In the officer’s chair – Elise Droste
I’ve come up to the bridge, where it’s very quiet at the moment. The silver lining, or should I say white lining (?), of the medevac was that we had a white Christmas. We reached the ice in the morning of Christmas day. Despite the long Christmas celebrations of Weihnachtsabend (an evening to forever remember), I spent the entire day out on deck, listening to the glorious crushing sounds of the ice underneath Polarstern’s hull. I’ve seen a seal (Crabeater) and penguins (mostly Adelie and one Emperor). It’s safe to say that I’ve had one very merry Christmas indeed!
Scientific activities have been very little to none due to our urgency to get to Novo. So I’ll take this opportunity to tell a little bit more about why I’m actually on this ship. This cruise is part of my PhD, which I started last September at the University of East Anglia. I’m primarily taking water samples along the ocean column, which I’ll analyse for dissolved inorganic carbon and total alkalinity later this year, and deploying a number of Argo floats. I’ll be using the data derived from these to understand processes that affect the carbon uptake by the Southern Ocean (specifically the Weddell Sea). One of the factors that plays an important role in this is sea ice, which to a certain extent hinders the exchange of carbon between the ocean and the atmosphere. One of the major challenges in this field is the scarcity of data in the Weddell Sea. This is due to the general rough conditions to get here, but especially the inaccessibility during the winter months when sea ice keeps defies even the strongest ice breakers. This is where the Argo floats come in.
Floats are devices that drift along with the ocean current at about 1000m depth. Every ten days (or whatever you set the cycle to), they will adjust their buoyancy to sink to a maximum depth of 2000m, after which they will come back to the surface. During their ascent, they take measurements. For the Core Argo floats (of which I’ll be deploying three from the UK MetOffice), these measurements only include conductivity (as a proxy for salinity), temperature, and depth. For the biogeochemical (BGC) Argo floats (of which I’ll be deploying two from the UK MetOffice), additional measurements include those for dissolved oxygen, irradiance, fluorescence, and backscatter. These sensors need to be calibrated, which is why it’s important for us to take additional water samples at stations where we deploy the BGC floats.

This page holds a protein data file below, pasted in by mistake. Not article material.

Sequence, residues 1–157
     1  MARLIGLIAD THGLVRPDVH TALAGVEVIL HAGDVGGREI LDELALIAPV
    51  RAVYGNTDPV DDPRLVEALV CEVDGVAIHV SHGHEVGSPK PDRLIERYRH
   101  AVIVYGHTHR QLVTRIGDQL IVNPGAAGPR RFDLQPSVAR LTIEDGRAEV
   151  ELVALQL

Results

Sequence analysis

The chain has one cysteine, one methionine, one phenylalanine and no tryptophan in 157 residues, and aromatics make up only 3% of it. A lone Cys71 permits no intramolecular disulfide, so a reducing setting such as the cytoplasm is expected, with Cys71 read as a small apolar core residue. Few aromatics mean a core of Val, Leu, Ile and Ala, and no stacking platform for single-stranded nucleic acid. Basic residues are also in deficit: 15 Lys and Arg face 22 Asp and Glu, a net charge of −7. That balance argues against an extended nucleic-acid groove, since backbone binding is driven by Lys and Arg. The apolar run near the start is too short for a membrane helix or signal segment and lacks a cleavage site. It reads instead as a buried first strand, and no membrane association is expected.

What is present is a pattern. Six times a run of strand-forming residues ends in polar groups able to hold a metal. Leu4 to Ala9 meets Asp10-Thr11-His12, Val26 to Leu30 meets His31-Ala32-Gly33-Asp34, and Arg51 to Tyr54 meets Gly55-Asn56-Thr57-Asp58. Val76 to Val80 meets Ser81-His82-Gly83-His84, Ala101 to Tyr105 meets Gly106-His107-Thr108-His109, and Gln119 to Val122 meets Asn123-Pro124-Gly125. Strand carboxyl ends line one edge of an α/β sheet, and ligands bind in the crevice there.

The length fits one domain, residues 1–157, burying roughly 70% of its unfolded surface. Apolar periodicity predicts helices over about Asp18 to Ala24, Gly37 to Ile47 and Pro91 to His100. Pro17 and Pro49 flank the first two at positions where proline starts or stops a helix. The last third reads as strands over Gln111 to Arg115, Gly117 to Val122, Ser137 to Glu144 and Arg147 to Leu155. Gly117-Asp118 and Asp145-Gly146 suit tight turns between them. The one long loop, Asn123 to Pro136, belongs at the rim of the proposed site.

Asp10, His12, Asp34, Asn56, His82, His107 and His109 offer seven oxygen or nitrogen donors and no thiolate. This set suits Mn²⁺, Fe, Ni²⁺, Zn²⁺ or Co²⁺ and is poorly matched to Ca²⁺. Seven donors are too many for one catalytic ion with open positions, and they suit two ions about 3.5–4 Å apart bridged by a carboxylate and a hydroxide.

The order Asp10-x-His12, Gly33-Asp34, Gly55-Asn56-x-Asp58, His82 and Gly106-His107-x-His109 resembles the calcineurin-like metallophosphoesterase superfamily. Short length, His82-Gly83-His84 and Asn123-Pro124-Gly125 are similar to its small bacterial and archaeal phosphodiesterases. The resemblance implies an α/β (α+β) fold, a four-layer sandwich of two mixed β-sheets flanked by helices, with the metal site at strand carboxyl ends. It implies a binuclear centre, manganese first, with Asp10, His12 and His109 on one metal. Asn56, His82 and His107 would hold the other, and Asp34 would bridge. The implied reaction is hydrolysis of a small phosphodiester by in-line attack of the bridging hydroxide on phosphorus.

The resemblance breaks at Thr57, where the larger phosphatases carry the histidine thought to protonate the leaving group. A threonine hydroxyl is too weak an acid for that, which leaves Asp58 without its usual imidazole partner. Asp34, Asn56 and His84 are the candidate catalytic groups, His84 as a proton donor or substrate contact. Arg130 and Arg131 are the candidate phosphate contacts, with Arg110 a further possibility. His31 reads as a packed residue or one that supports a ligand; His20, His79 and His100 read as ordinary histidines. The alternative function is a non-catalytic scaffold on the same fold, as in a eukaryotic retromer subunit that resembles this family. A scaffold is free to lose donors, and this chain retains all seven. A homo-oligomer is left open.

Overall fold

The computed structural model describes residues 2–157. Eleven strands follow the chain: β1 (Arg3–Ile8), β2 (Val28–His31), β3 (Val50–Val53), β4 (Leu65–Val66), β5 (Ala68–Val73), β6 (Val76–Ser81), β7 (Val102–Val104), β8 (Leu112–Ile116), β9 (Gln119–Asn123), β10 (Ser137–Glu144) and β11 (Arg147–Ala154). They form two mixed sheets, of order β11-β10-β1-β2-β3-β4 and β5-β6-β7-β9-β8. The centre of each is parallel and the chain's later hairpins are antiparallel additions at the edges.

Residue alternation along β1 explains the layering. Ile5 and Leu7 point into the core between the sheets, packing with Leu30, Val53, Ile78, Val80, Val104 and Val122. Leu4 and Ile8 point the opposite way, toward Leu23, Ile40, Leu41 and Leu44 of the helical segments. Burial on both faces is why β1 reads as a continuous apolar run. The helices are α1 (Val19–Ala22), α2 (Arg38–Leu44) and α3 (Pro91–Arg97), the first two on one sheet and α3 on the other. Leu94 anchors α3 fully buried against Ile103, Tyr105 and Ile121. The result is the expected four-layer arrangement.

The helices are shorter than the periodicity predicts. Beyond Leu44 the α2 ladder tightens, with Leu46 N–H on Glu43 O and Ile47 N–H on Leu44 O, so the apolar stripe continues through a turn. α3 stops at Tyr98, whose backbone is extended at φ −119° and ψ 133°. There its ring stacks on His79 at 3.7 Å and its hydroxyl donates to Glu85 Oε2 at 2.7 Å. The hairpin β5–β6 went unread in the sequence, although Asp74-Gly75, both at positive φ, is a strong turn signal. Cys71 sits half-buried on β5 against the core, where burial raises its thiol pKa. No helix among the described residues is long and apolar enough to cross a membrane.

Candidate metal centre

By deploying them during summer in a region that will be ice covered in winter, I’m hoping to get winter-time data when the floats profile underneath the ice. This is crucial in order to reduce the current bias we have in our understanding of biogeochemical processes in ice-covered oceans.
The deployment of the floats is part of the PICCOLO project (Processes Influencing Carbon Cycling: Observations of the Lower limb of the Antarctic Overturning). The hope is that the floats I’m deploying during this cruise will remain alive for the duration of the project and help reach its objectives in quantifying the carbon uptake of the Southern Ocean.
So as soon as we return back to the zero meridian, the hard work and unpredictable hours will continue. But at this very moment, as I’m on the bridge, sitting in the officer’s chair (being extremely careful not to accidentally nudge one of the controls that’s at an uncomfortable short distance from my knee), all I can think about is the incredibility of the view in front of me: scattered ice bergs in a silvery ocean.
Elise Droste is based at the University of East Anglia and is deploying the Argo floats from the RV Polarstern for the winter 2018/19, as part of the team working on the PICCOLO project in RoSES. She’s also taking DIC and total alkalinity samples to use in her PhD project about the carbonate chemistry of the seasonally ice-covered regions in the Southern Ocean.